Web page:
Friday, 8 June 2012

European Rating Algorithm One (System E1)

I’m not going to go into depth about how I build the ratings as quite simply, I think this is the thing that separates me from every other analyst in the world who’s trying to come up with a way to build profitable football ratings. I’ve given away bits and pieces of info over the past couple of years, along with a lot of hints about how I do it and what factors I look at but that’s about as far as I’ll go. 

What I would say is that the factors in the two European algorithms are IDENTICAL to the factors in the UK algorithms. When I first told a few people I was going to be looking at the European leagues, they said I’d no doubt find that other factors were more important in these leagues than in the UK leagues. Nope, I didn’t and I did test for other factors but basically, every factor that appears in the UK algorithm appears in the European algorithm.

In a way, this is quite reassuring for me as it means the work I did nearly 2.5 years ago is still valid! When I was looking at factors you can use to build football ratings, I downloaded data from lots of different leagues, dumped it in a spreadsheet and started to analyse it. I didn’t care what league it was from, what time of year it was from and so on. My findings then were that shots on goal and shots on target were the best underlying indicator and that remains the case with these new European leagues I’m looking at.

One big difference I can see between the UK algorithms and the European algorithms is the fact that historical results plays no impact in the UK algorithms (it’s a factor in the model but with a weighting of 0 in every algorithm) and yet, in the European algorithm, I can see that there appears to be a correlation between historical results and future results in a fixture.  Hence, this factor carries some weighting in the European rating algorithms.

Without giving away the weightings and variables, I’d say short-form matters more in the UK than in Europe whereas long-term form matters more in Europe.  That’s a definite trend I picked up.  I’d also say home form matters much more in Europe than in UK Leagues. 

The biggest difference by far between the UK and European Leagues is the performance of Home and Aways bets. Basically, it’s very easy (almost hard to lose!) to build a rating algorithm to produce a fantastic return on Homes but unfortunately, the better the algorithm is on Homes, the worse it is on Aways!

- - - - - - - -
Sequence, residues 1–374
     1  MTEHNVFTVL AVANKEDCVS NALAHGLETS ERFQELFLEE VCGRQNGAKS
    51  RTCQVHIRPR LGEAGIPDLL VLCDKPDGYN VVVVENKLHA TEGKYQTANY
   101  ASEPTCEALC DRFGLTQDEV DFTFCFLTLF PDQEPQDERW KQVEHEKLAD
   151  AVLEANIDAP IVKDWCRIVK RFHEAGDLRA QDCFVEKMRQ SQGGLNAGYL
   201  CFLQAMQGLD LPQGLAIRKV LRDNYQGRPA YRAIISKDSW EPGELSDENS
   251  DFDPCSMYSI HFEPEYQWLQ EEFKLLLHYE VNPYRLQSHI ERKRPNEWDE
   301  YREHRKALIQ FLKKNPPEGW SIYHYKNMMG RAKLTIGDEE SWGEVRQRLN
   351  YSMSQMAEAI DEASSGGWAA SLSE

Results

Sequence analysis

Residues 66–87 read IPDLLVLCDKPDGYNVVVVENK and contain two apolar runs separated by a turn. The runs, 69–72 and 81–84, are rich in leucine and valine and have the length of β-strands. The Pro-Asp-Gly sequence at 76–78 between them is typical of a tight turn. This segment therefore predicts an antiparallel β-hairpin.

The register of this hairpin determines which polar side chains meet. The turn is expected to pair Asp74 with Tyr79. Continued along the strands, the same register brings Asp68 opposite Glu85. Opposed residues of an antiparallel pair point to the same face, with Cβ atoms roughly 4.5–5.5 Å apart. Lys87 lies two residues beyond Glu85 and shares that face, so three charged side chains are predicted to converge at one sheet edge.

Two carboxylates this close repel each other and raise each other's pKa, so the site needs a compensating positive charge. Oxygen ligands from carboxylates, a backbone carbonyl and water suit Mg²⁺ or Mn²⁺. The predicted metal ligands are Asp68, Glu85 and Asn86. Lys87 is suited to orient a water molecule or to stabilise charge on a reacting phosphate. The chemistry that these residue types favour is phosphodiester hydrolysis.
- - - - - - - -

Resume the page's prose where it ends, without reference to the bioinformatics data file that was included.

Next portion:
It took me a fair bit of time to understand this dynamic as when I first asked the program I have (basically a SAS program which takes in the data and runs simulations) to maximise the return on some variables in the algorithm, it was throwing up massive profits on Homes and massive losses on Away selections for some variables! Hence, it was actually optimal to ignore the Aways and concentrate on the Homes.

I did consider having a separate algorithm for Homes and Aways but after discussing it with a few other football analysts, I decided this was far too big a risk.  For a start, it would have meant that I could have ended up with opposing teams in some games which would have given me a headache and secondly, it is so different to what I did with the UK algorithms, it means I would have been going into the unknown. 

Therefore, I reigned back the Home selections a little and found weightings in the model which ensured I could achieve a decent profit on the Away bets too.  Sacrificing a little return on Homes to get a better return overall isn’t a bad thing and I did a similar thing with the UK systems back at the beginning when I think back but the opposite way around! All the profits were on the aways in the UK leagues, so I pulled these back a bit and ended up finding some really good home bets.

One other change between the original backtesting for the UK systems and the Euro systems is the overround.  In the UK systems, I adjusted the draw odds to try to account for the fact that the draw odds I was using are far too low and the overround was too high. If you use a bookie like Pinnacle for draw odds, you can easily beat the draw odds I’m using in the backtesting results.  There is NO adjustment in these results though.